• Major depressive disorder
    • Generalized anxiety disorder
    • Economic instability
    • Limited social support from a partner, family, or friends.

How common is depression in your life? Do you believe you can beat it without help? Online counseling for depression and medications are commonly used to help address symptoms of postpartum depression.

What Type Of Depression Do I Have And What Can Be Done?

While there are many resources for information about depression online, you can only receive a diagnosis from a physician or mental health professional in person. If you're experiencing symptoms that concern you, you can make an appointment with your primary care provider for an initial evaluation.

Your provider may recommend seeking counseling for depression or therapy. They may also formulate a treatment plan for depression that includes regular exercise, mindfulness meditation, and cognitive-behavioral therapy to help manage your symptoms. Many types of depression therapy, including cognitive behavioral therapy, can be helpful tools to understand your feelings and develop strategies to manage your condition.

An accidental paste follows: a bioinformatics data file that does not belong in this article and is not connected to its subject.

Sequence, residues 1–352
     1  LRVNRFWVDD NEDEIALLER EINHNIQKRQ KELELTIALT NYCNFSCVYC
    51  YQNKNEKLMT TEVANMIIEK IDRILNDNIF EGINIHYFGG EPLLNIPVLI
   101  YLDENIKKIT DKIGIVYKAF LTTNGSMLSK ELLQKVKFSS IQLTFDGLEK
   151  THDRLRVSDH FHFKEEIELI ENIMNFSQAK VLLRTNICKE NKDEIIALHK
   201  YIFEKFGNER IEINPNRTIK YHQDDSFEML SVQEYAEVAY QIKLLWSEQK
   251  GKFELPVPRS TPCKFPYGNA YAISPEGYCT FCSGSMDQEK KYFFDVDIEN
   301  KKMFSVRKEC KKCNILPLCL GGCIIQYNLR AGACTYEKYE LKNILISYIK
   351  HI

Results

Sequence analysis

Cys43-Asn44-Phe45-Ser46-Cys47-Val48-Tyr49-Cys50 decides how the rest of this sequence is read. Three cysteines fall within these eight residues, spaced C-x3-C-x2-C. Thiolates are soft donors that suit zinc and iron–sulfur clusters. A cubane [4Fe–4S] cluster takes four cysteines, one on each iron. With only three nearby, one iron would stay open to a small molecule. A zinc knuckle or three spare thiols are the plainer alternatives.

Depression Can Be Difficult To Navigate On Your Own

A 2021 peer-reviewed study of 6,132 adults found that online cognitive behavioral therapy is an effective way to manage depression and anxiety symptoms. Online therapy from platforms like BetterHelp provides therapy that you can schedule from the comfort of your own home, and it may be more affordable than in-person therapy.


Symptoms of depression can feel overwhelming at times, but there is help available. Some people may worry about stigma surrounding mental health when deciding whether to seek professional help. But many people experience depression at some point in their life, and a professional can help you address your symptoms. If you are experiencing symptoms of depression, you can make an appointment with your primary care provider or seek the help of an online therapist who can help you manage your symptoms.

You Don’t Have To Face Depression Alone. Our Experienced Counselors Can Help.

The information on this page is not intended to be a substitution for diagnosis, treatment, or informed professional advice. You should not take any action or avoid taking any action without consulting with a qualified mental health professional. For more information, please read our terms of use.